Andy Stern's Legacy: Right Questions, Wrong Answers

SEIU President Andy Stern walked away from his post this week, and the fight is on to define his legacy and the future of one of the country’s most important unions.

A little on the legacy. Stern started out asking a lot of the right questions.

Under his leadership, SEIU forced the rest of labor to confront its dwindling numbers. Unions needed strategies to organize entire industries, and they needed to devote the money necessary to do it seriously. They needed to roust often-sleepy and sometimes-corrupt local leaders from their complacency. And the house of labor needed friends in the academy, the embrace of community allies, and a welcome sign on the door for immigrant workers.

SEIU led by example, through high-profile organizing drives like Justice for Janitors and by ousting crooked leaders like New York City’s Gus Bevona.

But after two decades working to expand SEIU’s ranks—and reshaping the union’s structure to bolster that aim—Stern drew mostly the wrong conclusions. In his quest to reverse labor’s slide, he relied on shortcuts, trying to swell SEIU’s ranks by any means necessary—including ways that weaken unions everywhere.

There are plenty of substandard union presidents in the United States, and plenty who are more autocratic, more undemocratic, more willing to sign cheap agreements than Stern—and many that are higher paid. (Although taking a $152,000-a-year pension after musing to a reporter whether “defined benefit pensions can really exist in the long run” is pretty gross.)

But all along Stern asked to be measured by a different yardstick. Too many unions, he told Dissent magazine, “want to glorify trying and struggling and mobilizing and fighting the good fight. We want to be the union that wins.”

At the union’s 2008 convention, Stern repeatedly invoked history, referring to the union’s growth under his tenure as “the largest growth in strength in any union, in any decade in the history of the labor movement.” Claiming the union’s membership had passed the 2 million-member mark, Stern said this “is not the first time, nor do I think it’s going to be the last time, history knocks on SEIU’s door.” (Never mind that the union’s LM-2 filings pegged membership that year at 1.7 million).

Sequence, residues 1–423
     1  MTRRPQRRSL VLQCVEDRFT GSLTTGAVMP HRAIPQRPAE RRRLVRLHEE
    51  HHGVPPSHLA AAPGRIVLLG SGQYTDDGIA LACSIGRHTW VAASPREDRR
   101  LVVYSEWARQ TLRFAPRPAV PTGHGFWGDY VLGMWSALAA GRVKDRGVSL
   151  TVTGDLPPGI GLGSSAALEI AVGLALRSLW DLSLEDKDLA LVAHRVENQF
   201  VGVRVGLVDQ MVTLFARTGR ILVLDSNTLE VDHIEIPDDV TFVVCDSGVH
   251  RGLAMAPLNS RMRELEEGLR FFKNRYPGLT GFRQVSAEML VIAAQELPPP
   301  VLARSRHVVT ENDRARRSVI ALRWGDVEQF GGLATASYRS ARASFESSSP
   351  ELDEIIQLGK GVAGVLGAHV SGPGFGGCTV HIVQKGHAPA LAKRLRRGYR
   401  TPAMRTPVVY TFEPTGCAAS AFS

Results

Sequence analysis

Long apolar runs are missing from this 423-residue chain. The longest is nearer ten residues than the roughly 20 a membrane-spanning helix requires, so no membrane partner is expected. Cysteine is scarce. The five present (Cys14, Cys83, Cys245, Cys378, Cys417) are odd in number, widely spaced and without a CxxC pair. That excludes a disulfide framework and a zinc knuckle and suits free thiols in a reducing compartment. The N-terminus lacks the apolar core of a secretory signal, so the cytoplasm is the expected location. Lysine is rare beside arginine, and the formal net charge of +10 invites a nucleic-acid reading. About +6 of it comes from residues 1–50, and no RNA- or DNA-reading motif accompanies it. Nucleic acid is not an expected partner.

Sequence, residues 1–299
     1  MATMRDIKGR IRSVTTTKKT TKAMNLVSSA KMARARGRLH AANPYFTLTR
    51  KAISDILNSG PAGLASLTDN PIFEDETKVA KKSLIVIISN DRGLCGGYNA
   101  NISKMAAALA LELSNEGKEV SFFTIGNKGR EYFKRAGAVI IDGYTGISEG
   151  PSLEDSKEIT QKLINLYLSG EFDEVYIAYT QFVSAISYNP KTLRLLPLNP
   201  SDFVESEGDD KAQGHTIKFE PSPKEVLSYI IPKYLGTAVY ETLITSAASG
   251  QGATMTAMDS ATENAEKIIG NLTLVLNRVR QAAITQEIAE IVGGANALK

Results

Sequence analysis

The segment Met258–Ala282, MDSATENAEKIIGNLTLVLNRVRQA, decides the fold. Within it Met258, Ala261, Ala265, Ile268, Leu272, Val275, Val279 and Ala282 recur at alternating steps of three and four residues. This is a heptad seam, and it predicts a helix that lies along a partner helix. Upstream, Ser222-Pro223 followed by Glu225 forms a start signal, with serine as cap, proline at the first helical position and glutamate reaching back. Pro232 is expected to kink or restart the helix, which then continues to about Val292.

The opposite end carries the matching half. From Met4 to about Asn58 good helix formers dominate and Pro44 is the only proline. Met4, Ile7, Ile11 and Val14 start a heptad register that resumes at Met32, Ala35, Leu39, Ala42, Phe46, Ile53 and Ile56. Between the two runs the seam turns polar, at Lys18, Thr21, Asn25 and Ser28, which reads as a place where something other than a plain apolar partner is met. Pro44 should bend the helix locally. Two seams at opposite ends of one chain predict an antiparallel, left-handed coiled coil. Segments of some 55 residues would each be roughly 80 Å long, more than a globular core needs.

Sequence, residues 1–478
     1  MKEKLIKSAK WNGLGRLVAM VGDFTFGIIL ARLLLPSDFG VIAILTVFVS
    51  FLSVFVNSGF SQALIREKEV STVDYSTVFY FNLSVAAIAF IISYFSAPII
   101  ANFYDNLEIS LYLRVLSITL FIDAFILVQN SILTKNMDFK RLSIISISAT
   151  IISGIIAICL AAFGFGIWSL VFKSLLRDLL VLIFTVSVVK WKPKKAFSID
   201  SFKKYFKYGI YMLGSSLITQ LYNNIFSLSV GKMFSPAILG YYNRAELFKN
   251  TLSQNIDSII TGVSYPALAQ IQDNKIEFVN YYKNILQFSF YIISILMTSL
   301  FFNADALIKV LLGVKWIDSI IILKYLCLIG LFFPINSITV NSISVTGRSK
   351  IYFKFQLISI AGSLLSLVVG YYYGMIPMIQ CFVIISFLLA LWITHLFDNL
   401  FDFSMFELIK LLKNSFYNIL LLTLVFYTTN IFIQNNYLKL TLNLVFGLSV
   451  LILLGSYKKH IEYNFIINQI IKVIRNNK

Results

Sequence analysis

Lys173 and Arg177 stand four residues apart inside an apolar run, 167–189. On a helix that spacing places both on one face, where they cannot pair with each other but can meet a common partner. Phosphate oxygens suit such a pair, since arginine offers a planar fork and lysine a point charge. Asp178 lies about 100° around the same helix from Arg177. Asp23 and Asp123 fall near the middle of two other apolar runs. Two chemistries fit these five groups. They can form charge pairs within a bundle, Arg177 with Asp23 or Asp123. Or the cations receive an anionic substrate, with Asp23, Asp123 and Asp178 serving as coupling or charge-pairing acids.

And Stern claimed that his effort to change a leadership that was too pale, male, and stale had largely succeeded, producing “the most inclusive, the most diverse, and as a result the most aggressive, the most effective fighters for justice our countries have ever seen.”

At the end of Stern’s tenure, the union has come up short.


Who steps to the bully pulpit Stern created? What will remaining leaders do with this history? The fight for the presidency is between heir apparent Anna Burger, SEIU secretary-treasurer and Change to Win chair, and Mary Kay Henry, from the union’s health care division.

Burger has worked with Stern since he was president of a social workers local in Pennsylvania in the 1970s. She will take the presidency for 30 days, when the international executive board will vote on Stern’s successor.

Burger has headed the union’s ever-expanding political operation, including the tens of millions spent on Change that Works, an accountability effort that spent the better part of 2009 in an outside-the-Beltway push to hold newly elected lawmakers feet to the fire on the union’s legislative priorities: immigration reform, health care reform with a strong public option, and the Employee Free Choice Act. (How’d that work out?)

Burger has also been increasingly in charge of SEIU’s day-to-day operations for the last several years, as Stern was off promoting big ideas during his frequent trips to China, think-tank conferences, and the White House. (Stern loved being lionized as a labor statesman, the only one the intellectuals would consider inviting to their confabs, and it’s likely he’ll continue in this vein in retirement.)

Henry’s background was in health care organizing in California. She is likely to push reallocating the union’s resources to devote more to organizing than to politics. She is reportedly interested in making peace with the rest of the labor movement and ending the raids on UNITE HERE. She is not, however, any less dedicated to snuffing out the breakaway National Union of Healthcare Workers (NUHW) than is Burger. She has been heavily involved in the trusteeship of the big California local, UHW, that led to the founding of NUHW.




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Neither Burger nor Henry is likely to up-end SEIU’s organizing philosophy. Stern seemed to lose faith, if he ever had it, in the ability of working people to lead their own locals, much less labor’s revival.